Can you think of ONE person whose life you impacted this week? You’re a principal so the answer is many. If, like most heads, you have a presence about you and a passion for your school and its people, then it’s really many.

I love the concept of a new book for school leaders by Stephen Peters and Mark Wilson entitled ‘ONE’. A review reads: “‘ONE’ is an inspirational read about how to grow impact and effectiveness in your school one student, one educator, one act, one word and one opportunity at a time.” I love what this says about the teaching profession. You have the capacity to make a difference one minute at a time. As a principal, if you are reaching out to a learner, or including another, or recognising a teacher’s contribution, you are building buy-in one individual at a time, making the collective stronger. Be mindful of your impact as a principal and make full use of your moments.

I made a point of recording my MOMENTS as a principal, in writing, in detail, at the back of my diary or in a special place on my phone. Otherwise, they slip into oblivion. Each year in my annual speech at Prize- Giving, I would share my year’s memorable moments – usually ones the learners could relate to, original moments full of colour, character and always with a touch of humour. Each week the principals I visit share their moments of sadness, progress, and pride. Some of you photograph them and share them on social media. I promise you, it’s moments that your learners remember and, if you record them properly, you’ll cherish them long after you’ve retired. Usually, those moments speak volumes about your school’s values and your priorities as a principal. If you make a habit of sharing the special moments with your staff, they’ll share theirs with you. Together you build a place full of moments which define the heart and humanity of your school’s culture.

Interestingly, years after, your learners remember random moments, too, but far removed from what they learned in class and more related to who and how they were taught, with whom they learned and how teachers (and the principal) made them feel. Remember moments make a school and it’s the school climate, the structure, the opportunities your learners have to grow and shine which make the moments possible.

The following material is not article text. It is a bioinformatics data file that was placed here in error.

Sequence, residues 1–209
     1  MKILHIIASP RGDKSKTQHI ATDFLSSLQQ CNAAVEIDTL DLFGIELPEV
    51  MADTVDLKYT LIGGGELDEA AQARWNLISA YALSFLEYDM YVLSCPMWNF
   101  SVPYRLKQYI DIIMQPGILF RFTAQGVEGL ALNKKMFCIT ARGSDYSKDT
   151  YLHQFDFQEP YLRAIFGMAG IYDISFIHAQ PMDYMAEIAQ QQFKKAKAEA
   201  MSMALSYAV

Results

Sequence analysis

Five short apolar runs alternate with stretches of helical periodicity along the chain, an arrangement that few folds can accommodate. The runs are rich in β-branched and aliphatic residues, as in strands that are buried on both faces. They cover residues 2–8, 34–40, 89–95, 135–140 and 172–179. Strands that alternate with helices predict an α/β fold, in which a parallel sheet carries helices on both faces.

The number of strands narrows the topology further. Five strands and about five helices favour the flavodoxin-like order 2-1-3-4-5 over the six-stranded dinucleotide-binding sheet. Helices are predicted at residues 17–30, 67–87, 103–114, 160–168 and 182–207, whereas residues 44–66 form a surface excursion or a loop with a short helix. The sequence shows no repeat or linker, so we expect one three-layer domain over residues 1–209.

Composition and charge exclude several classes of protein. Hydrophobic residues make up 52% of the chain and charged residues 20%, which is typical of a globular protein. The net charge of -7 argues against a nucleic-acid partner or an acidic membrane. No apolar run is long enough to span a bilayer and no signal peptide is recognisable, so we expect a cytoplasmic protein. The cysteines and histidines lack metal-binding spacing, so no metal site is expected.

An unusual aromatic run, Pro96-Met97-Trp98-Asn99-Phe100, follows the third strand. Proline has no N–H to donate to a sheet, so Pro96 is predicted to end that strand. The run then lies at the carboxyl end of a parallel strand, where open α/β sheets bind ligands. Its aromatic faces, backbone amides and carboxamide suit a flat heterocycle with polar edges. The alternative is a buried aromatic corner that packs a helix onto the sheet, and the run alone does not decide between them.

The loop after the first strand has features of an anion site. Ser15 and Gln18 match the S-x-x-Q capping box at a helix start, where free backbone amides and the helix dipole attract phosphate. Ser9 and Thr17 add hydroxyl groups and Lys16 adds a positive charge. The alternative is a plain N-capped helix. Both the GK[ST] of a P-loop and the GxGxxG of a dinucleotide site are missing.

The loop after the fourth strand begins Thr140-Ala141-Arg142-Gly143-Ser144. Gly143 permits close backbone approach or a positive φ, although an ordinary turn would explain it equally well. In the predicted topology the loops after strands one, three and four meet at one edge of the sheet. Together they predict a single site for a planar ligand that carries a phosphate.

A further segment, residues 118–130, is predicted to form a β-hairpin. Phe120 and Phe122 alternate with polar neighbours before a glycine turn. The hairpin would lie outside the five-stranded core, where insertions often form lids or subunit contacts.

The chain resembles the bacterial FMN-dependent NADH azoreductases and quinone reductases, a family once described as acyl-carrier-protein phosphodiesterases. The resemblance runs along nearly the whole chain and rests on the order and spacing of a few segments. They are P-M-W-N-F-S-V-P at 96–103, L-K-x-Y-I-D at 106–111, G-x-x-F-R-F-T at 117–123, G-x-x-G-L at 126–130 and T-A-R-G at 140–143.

ONE day has become more than just one day when learners only attend on alternate days. How do we make the one day really count? This is absolutely crucial in the earlier years where the focus needs to be totally on building literacy and numeracy. Principal and teachers can make this work, but not by simply doing what we used to do when we had them every day. I always urged my team and our staff to come out into the corridor at the change of every period. They don’t like it and they’re busy with the logistics of starting a new lesson, but that joint commitment to making those transitions smooth and fast makes for a school that works.

Take ONE aspect of your school – let’s say ‘text’. Scratch deeper. How much are children writing today? Walk your school and gauge the number with books out and pens in hand. Keep a mental record. Randomly call children and see how much has been written in the three weeks of this term. What has been written? How well? Was it copied? Was it marked or checked? Get your deputy to help so that you are scratching deeper and allowing the one day to provide an accurate slice of your school’s core.

In conclusion, let’s take our word ‘one’ and place it simply in front of your school’s name. ONE Siyazakha. Think about a school unified in purpose and practice with systems which guarantee quality even before lessons start, which drive one collaborative standard, and which provide the data needed and the action required to support every child to achieve at her or his personal best. One Siyazakha, with all stakeholders on the same page is what Stephen Peters and Mark Wilson would facilitate if they brought the ONE programme to your school for a couple of weeks. Actually, they’re coaches, former principals just like your coach. That sort of journey to excellence, to ONE school, demands all round involvement, but indispensable leadership from the top. Your school has many leaders, but ONE principal. You’re that ONE.

Till next time.

Paul (Coach/Mentor)

Principals Academy

Keeping in Touch in Tough Times, #32 of 2021, 29 October 2021